The Electronic Health Record Gives Accurate Medical Billing for Dialysis Patients

Published: 18th October 2011
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Electronic health record (EHR) legislation has an impact on everyday life of Americans. The Health Information Technology for Economic and Clinical Health (HITECH) Act under the American Recovery and Reinvestment Act (ARRA) of 2009 established requirements for all hospitals and physician's offices to implement a certified EHR system. The ultimate vision is to improve the quality and value of American healthcare. This legislation is not new to dialysis centers. Medicare has required specialists to provide patients with an individualized plan, EHRs and defibrillators in every unit. Integrating the electronic medical records for dialysis with the physician's billing systems practice would now appear to be mandatory.

EHR Benefits
Today’s treatment centers have access to personalized nephrology-specific templates. They use common phrases and wording, review patient history and create automated progress notes and referral letters. During treatment at dialysis units, the practitioner views the patient's complete medical history. This benefits the billing process by identifying all dialysis treatment information to date and links it with the practice-generated accounts payable system simultaneously. By accessing charts from virtually anywhere, nephrologists can review and sign charts from home or any other clinical setting where the professional might be working. This provides treatment dates and medical coding accuracy. Whenever the physician or other member of the care team "pulls" a patient chart, the most accurate and current billing information is available.

Billing Accuracy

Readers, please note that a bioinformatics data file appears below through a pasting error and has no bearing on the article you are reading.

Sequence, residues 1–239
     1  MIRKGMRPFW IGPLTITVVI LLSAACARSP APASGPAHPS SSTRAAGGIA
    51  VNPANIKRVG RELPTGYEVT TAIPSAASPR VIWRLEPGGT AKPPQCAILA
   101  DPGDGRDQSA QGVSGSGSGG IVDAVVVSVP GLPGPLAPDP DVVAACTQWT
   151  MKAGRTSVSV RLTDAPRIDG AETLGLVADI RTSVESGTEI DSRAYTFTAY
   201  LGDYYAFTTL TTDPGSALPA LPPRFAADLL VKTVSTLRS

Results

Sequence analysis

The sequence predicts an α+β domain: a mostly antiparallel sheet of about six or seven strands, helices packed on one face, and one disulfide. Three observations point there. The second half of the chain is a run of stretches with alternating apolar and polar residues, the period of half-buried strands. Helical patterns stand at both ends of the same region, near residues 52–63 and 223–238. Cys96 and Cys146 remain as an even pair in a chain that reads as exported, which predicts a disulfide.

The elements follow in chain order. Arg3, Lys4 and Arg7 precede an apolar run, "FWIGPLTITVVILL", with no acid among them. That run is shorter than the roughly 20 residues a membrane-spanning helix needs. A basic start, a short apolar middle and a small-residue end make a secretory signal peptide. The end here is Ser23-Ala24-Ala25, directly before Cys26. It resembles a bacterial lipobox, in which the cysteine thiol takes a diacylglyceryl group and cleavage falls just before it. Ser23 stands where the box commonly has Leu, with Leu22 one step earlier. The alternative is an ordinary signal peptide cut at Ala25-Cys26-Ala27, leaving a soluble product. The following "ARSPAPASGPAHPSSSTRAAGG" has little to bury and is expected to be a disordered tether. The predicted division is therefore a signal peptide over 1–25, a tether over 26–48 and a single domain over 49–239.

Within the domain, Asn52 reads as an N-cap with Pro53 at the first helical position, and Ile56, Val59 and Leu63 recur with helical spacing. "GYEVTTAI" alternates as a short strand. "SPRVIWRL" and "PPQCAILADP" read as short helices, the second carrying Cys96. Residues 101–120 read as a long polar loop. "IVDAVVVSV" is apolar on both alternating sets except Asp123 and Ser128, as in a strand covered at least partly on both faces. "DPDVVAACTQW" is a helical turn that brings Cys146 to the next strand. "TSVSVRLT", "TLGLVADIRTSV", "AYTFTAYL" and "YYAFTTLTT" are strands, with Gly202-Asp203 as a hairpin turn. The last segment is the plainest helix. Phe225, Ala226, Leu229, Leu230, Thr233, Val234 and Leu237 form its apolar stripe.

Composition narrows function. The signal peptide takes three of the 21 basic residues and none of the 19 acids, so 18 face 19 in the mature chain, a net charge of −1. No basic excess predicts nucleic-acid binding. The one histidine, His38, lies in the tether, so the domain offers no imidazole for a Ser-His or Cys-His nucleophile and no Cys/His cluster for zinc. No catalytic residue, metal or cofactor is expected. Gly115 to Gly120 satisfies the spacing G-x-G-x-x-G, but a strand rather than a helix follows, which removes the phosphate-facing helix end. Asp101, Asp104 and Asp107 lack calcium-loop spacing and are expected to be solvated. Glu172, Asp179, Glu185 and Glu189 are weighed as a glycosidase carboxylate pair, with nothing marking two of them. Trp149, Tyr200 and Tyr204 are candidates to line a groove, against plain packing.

So why is an EHR important to billing accuracy with Chronic Kidney Disease (CKD) requiring dialysis treatment? The answer is pretty simple. There is improved medical treatment and access to patients' previous records from anywhere, combined with the corresponding accounts payable records in a single location to provide for less billing errors. This is especially true when the EHR is merged with medical coding tools in a single application.

EHRs provide additional patient safety features against adverse drug interactions. For example, medical alerts to allergies are triggered when a medication is prescribed that will interact with a patient’s existing medications or will generate an allergic reaction.

Managing Information
The EHR can be used to manage electronic medical records dialysis clinicians rely on to provide the best care. It allows for information exclusively in treatment-specific centers, connecting directly to the physicians' offices with laboratory services, enabling dialysis procedure documentation and lab results charting. Accurate treatment information leads to accurate billing.

While all of this is focused on the physician, today’s patient-centric EHR allow patients to view their records and be continually informed of the most current insurance results. In addition, the current EHR's systems allow patients the freedom to travel between specialists and their own primary care physicians and have all of their current treatment records, prescriptions, lab results and insurance records up to date.

With the complexities of chronic kidney disease and complex treatments today, clinicians need help focusing on their job -- caring for patients. Accurate health care treatment information is achieved by pulling data from all patient clinical settings including data from labs, dialysis machines, and hospitals for a unified medical record. The electronic records system is designed to provide complete treatment records for primary care physicians and clinicians in a dialysis facility or nephrology office, as well as the patients themselves. The complete EHR with all associated treatment is the key to accurate billing and patient care.

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